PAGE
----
Sunday, May 8, 2011

5 Generations

A special picture for Mothers Day. 5 Generations - 1955- My G-G-Grandma Petrea Madsen, holding me. In back from left to right is my G-Grandma Ada Wareham, my mom Verna Lewis, and my Grandma, Ila Call.

Sunday, May 1, 2011

Ann Frances Eames Rowe

Here is a picture of my G-G-Grandmother Ann Frances Eames Rowe, with her Great Grandchildren, From Left to Right standing in back are Twins- Blaine Lewis, and Blair Lewis (my Dad). In front on her lap, left to right are Twins- Donna Lewis Sorensen, and David Lewis.

Ila Wareham Call With her Baby Doll

This is a picture of my Grandmother Ila Wareham Call at about age 10, with the doll her Dad gave her when she was about 5 years old, (1918). She cherished and took care of the doll her whole life. The doll was one of her life's prized possessions. The doll was special in many ways, but foremost because her father passed away when she was only 12 years old. She took special care of it until the day she passed away, at the age of 94.

Monday, March 14, 2011

More Rockville.

Found more history of Rockville via.  "Although the Hockanum River had been used by farmers for a grist mill, a saw mill, an oil mill and distillery since around 1740, it was not until 1821 that the first textile mill was built, in what would become Rockville, by Colonel Francis McLean. Taking advantage of a natural dam of solid stone that made a high falls on the Hockanum River, known as "The Rock" by locals, McLean built his water powered mill called the McLean Woolen Factory, also known as the "Rock Mill".

Work in the mills brought many immigrants to Rockville, particularly during the Civil War expansion period, 1860-1875, when many German immigrants arrived and new businesses catering to the German community opened along Village Street.

Today, most of the city has been designated as the Rockville Historic District."

And so I found an 1895 map of Rockville and located where Charles Pfunder and William Pfunder lived according to the census.

I labeled the surrounding buildings and marked their approximate location with the yellow square:

I am assuming now, that the mill they worked at would be the Springville Manufacturing Company.  I know that they used to work in a fabric mill, and it is right across the street.  A drawing of the mill is found on the map:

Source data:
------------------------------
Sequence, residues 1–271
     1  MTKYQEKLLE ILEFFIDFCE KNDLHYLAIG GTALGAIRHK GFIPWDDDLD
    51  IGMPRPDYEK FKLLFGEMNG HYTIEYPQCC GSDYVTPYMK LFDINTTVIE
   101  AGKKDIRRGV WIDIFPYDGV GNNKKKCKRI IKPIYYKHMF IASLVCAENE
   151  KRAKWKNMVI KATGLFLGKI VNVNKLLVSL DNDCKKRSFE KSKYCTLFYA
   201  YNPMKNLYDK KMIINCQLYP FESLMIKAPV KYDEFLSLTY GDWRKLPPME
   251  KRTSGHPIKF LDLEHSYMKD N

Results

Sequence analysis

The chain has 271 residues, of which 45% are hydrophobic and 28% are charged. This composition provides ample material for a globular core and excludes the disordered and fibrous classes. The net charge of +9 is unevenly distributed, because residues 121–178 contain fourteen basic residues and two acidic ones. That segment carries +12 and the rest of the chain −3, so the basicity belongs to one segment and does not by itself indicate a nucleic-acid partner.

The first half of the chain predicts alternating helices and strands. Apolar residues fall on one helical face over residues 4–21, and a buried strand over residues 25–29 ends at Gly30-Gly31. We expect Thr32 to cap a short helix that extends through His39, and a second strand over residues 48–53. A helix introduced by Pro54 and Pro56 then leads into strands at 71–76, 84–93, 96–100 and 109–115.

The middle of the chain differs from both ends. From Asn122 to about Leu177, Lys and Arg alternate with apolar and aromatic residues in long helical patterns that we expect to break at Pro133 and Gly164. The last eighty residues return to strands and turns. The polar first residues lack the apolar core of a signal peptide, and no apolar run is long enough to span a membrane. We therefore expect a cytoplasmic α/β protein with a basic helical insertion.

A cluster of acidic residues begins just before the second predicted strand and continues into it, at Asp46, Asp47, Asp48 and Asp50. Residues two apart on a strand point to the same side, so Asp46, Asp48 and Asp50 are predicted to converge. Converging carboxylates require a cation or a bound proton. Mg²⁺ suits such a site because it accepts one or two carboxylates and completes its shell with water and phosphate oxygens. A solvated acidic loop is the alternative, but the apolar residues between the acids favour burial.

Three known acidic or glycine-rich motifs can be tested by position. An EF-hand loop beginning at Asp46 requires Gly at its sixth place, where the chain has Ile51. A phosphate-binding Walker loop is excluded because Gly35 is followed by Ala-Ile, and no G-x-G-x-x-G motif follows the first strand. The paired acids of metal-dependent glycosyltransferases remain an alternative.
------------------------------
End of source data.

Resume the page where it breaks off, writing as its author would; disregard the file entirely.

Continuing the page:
So, I also searched for a picture of the mill online and found this via:

More information about the mill, via:  "The Springville Manufacturing Company constructed a modern brick mill in 1886 at 155 West Main Street. The building was equipped with automatic sprinklers, elevators and electric lights. It features a five-story stair-and-bell tower with a slate-shingled pyramid crowned by a pair of finials." ..."the Hockanum Company, Springville Manufacturing Company, New England Company, and the Minterburn Company formed a holding company for the purposes of purchasing raw materials and distributing finished goods. The holding company, called The Hockanum Mills Company, constructed an addition to the Springville Mill offices at 155 West Main Street in 1909. This was among the last buildings constructed by Rockville's woolen textile manufacturers. In 1934, the Hockanum Mills Company sold all of its holdings to M.T. Stevens and Sons of North Andover, Massachusetts."

Sunday, March 6, 2011

Rockville, Connecticut

I'm starting with Rockville (part of the town of Vernon since the sixties).  This village in Connecticut is where some of my history in the United States begins.  As an immigrant from Tumringen, Germany, this is where William (Wilhelm) Pfunder took residence sometime between 1870-1873.  Why Rockville?  What did Rockville offer?  You can see the mills in the photo.  His family eventually worked in the cotton mills located in Rockville.  The photo comes from family archives.  According to the 1900 census, he lived at 94 West Main Street, what looks to be multi-family dwelling.  In the same dwelling, we find his son with his family.  Both are "day laborers" probably in a local cotton mill.  The 1900 census can be found online courtesy of

It looks like the dwelling may still exist thanks to a google map search of the address.  Here is a screenshot of the aerial view:

What is it?

Well, first and foremost, this site has been developed to help organize and to get to know my own family history.  In the process, I hope to illustrate some of the processes in which this information is collected and analyzed for anyone else's benefit.  Am I a professional genealogist?  Heavens no.  Am I a professional writer or blogger?  Again, a resounding no.  Will we find skeletons in the closet?  Who knows, but that's the fun of it.  During this journey I hope to make new friends, discover lost people, and visit new places.  And I hope to do justice to tell their stories.  Ready?